There are a variety of steps you can take to prevent infestations.
Fleas and ticks have long been the scourge of dogs and cats. These persistent pests evolved to prey on furry mammals and have done so for eons. What makes us think we can stop them now?
Although we can’t prevent a flea or tick from ever landing on our dog or cat, we can do a lot to reduce the amount of harm these pests can do. By using good environmental management and taking advantage of scientific discoveries in the area of parasite control, you can keep your pets relatively free of fleas and ticks.
What They Do
Fleas and ticks are parasites that feed on the blood of their hosts. When a flea or tick bites a dog or cat, it injects a little bit of its saliva into the wound. Dogs and cats that are sensitive to the protein in the pests’ saliva can develop a nagging allergy that causes itching and even hair loss.
Fleas and ticks can also transmit diseases into their hosts bloodstream, and are known for spreading a number of dangerous viral and bacterial illnesses.
The flea’s lifecycle starts with an adult that feeds on a pet, obtaining nutrients that enable it to reproduce. The flea lays its eggs on the host, and the eggs drop to the ground. When the eggs hatch, the larvae feed on organic matter and eventually pupate. An adult flea emerges from the pupa and jumps onto a host mammal to continue the cycle.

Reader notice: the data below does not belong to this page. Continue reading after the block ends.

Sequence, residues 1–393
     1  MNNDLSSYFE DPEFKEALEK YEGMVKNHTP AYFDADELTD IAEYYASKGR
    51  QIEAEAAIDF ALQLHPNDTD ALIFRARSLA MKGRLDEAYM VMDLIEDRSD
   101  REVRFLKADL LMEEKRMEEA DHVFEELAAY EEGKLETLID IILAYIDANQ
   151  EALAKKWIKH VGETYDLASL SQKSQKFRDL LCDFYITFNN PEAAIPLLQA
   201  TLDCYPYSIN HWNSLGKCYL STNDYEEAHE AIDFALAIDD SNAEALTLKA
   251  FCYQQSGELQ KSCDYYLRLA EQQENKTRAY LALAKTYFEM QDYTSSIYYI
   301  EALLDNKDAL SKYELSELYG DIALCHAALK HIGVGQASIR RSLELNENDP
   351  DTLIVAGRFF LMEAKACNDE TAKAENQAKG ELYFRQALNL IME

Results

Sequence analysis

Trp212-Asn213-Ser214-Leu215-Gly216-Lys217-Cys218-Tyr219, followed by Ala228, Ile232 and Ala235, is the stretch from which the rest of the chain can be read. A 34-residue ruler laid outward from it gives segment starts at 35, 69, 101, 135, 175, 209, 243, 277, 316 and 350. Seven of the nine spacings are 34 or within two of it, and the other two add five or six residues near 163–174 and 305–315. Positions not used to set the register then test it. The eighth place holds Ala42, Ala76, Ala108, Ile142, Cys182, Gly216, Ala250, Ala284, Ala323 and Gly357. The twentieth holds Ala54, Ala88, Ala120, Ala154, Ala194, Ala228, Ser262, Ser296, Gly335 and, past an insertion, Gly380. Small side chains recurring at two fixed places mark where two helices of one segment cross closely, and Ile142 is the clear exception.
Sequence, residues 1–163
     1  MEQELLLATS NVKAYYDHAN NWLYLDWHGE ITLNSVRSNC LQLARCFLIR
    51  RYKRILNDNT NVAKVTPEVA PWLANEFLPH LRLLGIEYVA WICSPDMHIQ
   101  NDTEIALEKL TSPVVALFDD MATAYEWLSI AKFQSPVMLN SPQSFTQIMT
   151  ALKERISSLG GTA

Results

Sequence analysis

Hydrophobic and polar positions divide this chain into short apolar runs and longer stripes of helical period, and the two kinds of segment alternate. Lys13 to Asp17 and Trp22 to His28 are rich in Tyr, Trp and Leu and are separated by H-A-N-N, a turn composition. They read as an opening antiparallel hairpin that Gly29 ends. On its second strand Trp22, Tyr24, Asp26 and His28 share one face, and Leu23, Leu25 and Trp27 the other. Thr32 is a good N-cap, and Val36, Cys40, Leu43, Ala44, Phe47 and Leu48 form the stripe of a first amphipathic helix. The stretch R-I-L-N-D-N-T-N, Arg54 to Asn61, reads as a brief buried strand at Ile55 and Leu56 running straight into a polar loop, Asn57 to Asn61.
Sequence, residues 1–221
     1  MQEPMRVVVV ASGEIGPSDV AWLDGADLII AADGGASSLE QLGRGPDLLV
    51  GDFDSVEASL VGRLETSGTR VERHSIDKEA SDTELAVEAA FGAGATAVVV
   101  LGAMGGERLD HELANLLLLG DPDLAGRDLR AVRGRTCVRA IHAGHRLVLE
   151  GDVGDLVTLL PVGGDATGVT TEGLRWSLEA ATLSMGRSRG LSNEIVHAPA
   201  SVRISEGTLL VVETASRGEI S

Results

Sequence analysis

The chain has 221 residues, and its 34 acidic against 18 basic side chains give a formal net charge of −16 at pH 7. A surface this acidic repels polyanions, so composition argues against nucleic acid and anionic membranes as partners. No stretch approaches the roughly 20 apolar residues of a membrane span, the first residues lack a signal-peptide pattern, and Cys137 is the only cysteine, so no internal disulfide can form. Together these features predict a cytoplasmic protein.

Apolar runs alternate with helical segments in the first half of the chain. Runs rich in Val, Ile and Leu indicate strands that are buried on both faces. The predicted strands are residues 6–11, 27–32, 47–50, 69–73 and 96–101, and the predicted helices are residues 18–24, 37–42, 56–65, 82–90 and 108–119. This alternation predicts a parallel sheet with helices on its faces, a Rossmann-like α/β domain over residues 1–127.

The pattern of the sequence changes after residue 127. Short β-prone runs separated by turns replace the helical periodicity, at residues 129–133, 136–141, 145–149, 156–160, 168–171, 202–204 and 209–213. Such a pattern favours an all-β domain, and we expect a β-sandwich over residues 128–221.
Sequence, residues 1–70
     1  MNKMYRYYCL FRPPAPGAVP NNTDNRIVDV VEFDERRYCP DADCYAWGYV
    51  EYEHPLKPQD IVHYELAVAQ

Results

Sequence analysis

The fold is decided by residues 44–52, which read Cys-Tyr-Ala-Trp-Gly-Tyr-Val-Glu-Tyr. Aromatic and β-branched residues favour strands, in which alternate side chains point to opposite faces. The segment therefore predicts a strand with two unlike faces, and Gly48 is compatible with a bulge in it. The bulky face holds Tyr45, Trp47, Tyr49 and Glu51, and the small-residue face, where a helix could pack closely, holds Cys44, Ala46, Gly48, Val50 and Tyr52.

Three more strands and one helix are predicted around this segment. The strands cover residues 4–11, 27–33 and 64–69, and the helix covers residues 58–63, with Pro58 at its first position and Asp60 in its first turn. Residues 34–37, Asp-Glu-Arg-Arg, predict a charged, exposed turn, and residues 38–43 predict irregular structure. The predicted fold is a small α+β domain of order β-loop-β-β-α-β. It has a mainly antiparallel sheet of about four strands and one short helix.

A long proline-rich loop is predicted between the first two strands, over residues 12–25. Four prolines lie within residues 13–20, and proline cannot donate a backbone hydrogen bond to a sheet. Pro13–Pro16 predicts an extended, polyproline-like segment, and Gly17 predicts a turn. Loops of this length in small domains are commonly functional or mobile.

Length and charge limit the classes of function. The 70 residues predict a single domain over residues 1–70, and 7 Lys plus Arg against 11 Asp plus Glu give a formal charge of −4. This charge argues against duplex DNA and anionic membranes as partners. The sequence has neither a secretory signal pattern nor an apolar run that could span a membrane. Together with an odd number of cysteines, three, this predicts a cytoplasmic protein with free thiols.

Ticks attach to their host to feed, and then drop off to lay eggs. Ticks can’t jump, so young ticks climb up onto vegetation to wait for a host to walk past so they can latch on and begin the cycle again.
The first step to keeping these pests off your pet is to use a flea and tick deterrent. Sprays, collars and special baths can help, but the most effective methods of control are in the form of once-a-month spot-on treatments applied to the skin or oral products in the form of a chewable tablet. These products prevent fleas and ticks from reproducing, and some kill the flea or tick when it bites. Your veterinarian can provide you with advice on the most effective products to use. (Even indoor cats can pick up fleas through window screens and cracks under doors, so be sure to discuss protecting your cat with your veterinarian.)
Managing your pet’s environment can also help keep these pests at bay. Get rid of tall weeds growing on your property since ticks love to dwell in dense vegetation. Before going hiking with your dog, apply a tick repellent spray to discourage ticks from latching on.
Inside your home, wash your pet’s bedding frequently in hot water and vacuum your carpets often, tossing the vacuum bag outside in the trash right away. This will help keep flea eggs from hatching indoors and infesting your pet.
If you are diligent about giving your pet a monthly pest control treatment and making your pet’s environment hostile to these parasites, you’ll go a long way to keeping your pet free of fleas and ticks.
About the Author: Audrey Pavia is an award-winning freelance writer and author of “The Labrador Retriever Handbook.” She is a former staff editor of Dog Fancy, Dog World and The AKC Gazette magazines. To learn more about her work, visit www.audreypavia.com and hollywoodhoofbeats.net/